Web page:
ABSTRACT: Transforming growth factor-ß (TGF-ß) signaling is implicated in the pathogenesis of fibrosis in scleroderma or systemic sclerosis (SSc), but the precise mechanisms are poorly understood. The immediate-early gene Egr-1 is an inducible transcription factor with key roles in mediating fibrotic TGF-ß responses. To elucidate Egr-1 function in SSc-associated fibrosis, we examined change in gene expression induced by Egr-1 in human fibroblasts at the genome-wide level. Using microarray expression analysis, we derived a fibroblast "Egr-1-responsive gene signature" comprising over 600 genes involved in cell proliferation, TGF-ß signaling, wound healing, extracellular matrix synthesis and vascular development. The experimentally derived "Egr-1-responsive gene signature" was then evaluated in an expression microarray dataset comprising skin biopsies from 27 patients with localized and systemic forms of scleroderma and six healthy controls. We found that the "Egr-1 responsive gene signature" was substantially enriched in the "diffuse-proliferation" subset comprising exclusively of patients with diffuse cutaneous SSc (dcSSc) of skin biopsies. A number of Egr-1-regulated genes was also associated with the "inflammatory" intrinsic subset. Only a minority of Egr-1-regulated genes was concordantly regulated by TGF-ß. These results indicate that Egr-1 induces a distinct profibrotic/wound healing gene expression program in fibroblasts that is associated with skin biopsies from SSc patients with diffuse cutaneous disease. These observations suggest that targeting Egr-1 expression or activity might be a novel therapeutic strategy to control fibrosis in specific SSc subsets.
    PLoS ONE 01/2011; 6(9):e23082. · 3.53 Impact Factor
  • Source
    [Show abstract] [Hide abstract]
    ABSTRACT: Transcription of long noncoding RNAs (lncRNAs) within gene regulatory elements can modulate gene activity in response to external stimuli, but the scope and functions of such activity are not known. Here we use an ultrahigh-density array that tiles the promoters of 56 cell-cycle genes to interrogate 108 samples representing diverse perturbations. We identify 216 transcribed regions that encode putative lncRNAs, many with RT-PCR-validated periodic expression during the cell cycle, show altered expression in human cancers and are regulated in expression by specific oncogenic stimuli, stem cell differentiation or DNA damage. DNA damage induces five lncRNAs from the CDKN1A promoter, and one such lncRNA, named PANDA, is induced in a p53-dependent manner. PANDA interacts with the transcription factor NF-YA to limit expression of pro-apoptotic genes; PANDA depletion markedly sensitized human fibroblasts to apoptosis by doxorubicin. These findings suggest potentially widespread roles for promoter lncRNAs in cell-growth control.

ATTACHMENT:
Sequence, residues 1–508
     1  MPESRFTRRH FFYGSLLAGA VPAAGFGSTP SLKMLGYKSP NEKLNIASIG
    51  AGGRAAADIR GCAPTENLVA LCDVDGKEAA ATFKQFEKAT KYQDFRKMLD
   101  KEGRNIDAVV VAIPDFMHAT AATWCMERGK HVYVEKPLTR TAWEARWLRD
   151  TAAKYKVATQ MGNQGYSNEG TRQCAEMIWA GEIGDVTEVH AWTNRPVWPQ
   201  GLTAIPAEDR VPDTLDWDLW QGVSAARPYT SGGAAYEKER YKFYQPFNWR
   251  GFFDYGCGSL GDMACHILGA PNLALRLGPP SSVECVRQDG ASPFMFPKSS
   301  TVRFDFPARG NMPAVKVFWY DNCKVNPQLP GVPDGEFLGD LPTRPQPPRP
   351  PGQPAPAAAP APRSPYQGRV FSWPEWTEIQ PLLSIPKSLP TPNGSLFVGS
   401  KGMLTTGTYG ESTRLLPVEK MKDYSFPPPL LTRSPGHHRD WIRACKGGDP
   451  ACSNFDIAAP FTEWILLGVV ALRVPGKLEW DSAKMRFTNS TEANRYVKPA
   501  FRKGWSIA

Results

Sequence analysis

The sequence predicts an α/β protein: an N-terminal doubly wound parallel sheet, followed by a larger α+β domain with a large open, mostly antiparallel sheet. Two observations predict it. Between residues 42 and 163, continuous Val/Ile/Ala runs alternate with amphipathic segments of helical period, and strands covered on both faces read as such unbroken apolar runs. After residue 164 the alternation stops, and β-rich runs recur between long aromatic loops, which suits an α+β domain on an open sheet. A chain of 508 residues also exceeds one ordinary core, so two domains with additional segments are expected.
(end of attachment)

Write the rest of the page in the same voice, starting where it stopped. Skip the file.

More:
Nature Genetics 01/2011; 43(7):621-9. · 35.21 Impact Factor
  • Source
    [Show abstract] [Hide abstract]
    ABSTRACT: Abnormal fibrillinogenesis is associated with connective tissue disorders (CTDs), including Marfan syndrome (MFS), systemic sclerosis (SSc) and Tight-skin (Tsk) mice. We have previously shown that TGF-beta and Wnt stimulate fibrillin-1 assembly and that fibrillin-1 and the developmental regulator CCN3 are both highly increased in Tsk skin. We investigated the role of CCN3 in abnormal fibrillinogenesis in Tsk mice, MFS, and SSc. Smad3 deletion in Tsk mice decreased CCN3 overexpression, suggesting that TGF-beta mediates at least part of the effect of Tsk fibrillin on CCN3 which is consistent with a synergistic effect of TGF-beta and Wnt in vitro on CCN3 expression. Disruption of fibrillin-1 assembly by MFS fibrillin decreased CCN3 expression and skin from patients with early diffuse SSc showed a strong correlation between increased CCN3 and fibrillin-1 expression, suggesting that CCN3 regulation by fibrillin-1 extends to these CTDs. Diffuse SSc skin and sera also showed evidence of increased Wnt activity, implicating a Wnt stimulus behind this correlation. CCN3 overexpression markedly repressed fibrillin-1 assembly and also blocked other TGFbeta- and Wnt-regulated profibrotic gene expression. Together, these data indicate that CCN3 counter-regulates positive signals from TGF-beta and Wnt for fibrillin fibrillogenesis and profibrotic gene expression.